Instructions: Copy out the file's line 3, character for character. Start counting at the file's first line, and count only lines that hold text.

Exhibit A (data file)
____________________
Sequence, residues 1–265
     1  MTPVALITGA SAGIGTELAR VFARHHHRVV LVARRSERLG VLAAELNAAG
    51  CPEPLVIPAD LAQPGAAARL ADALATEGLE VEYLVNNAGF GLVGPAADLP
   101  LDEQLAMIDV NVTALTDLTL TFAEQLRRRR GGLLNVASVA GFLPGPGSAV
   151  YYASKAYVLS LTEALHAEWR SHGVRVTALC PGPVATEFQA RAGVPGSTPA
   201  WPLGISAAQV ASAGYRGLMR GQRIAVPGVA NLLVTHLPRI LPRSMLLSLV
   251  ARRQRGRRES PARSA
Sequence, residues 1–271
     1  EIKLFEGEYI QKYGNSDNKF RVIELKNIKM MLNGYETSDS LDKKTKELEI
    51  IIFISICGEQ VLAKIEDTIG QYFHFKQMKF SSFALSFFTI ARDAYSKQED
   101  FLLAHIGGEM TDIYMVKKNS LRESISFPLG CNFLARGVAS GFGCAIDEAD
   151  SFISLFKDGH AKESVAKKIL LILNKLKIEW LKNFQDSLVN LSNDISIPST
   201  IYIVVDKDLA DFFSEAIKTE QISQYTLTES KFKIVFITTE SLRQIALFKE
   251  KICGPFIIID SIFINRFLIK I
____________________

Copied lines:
    51  CPEPLVIPAD LAQPGAAARL ADALATEGLE VEYLVNNAGF GLVGPAADLP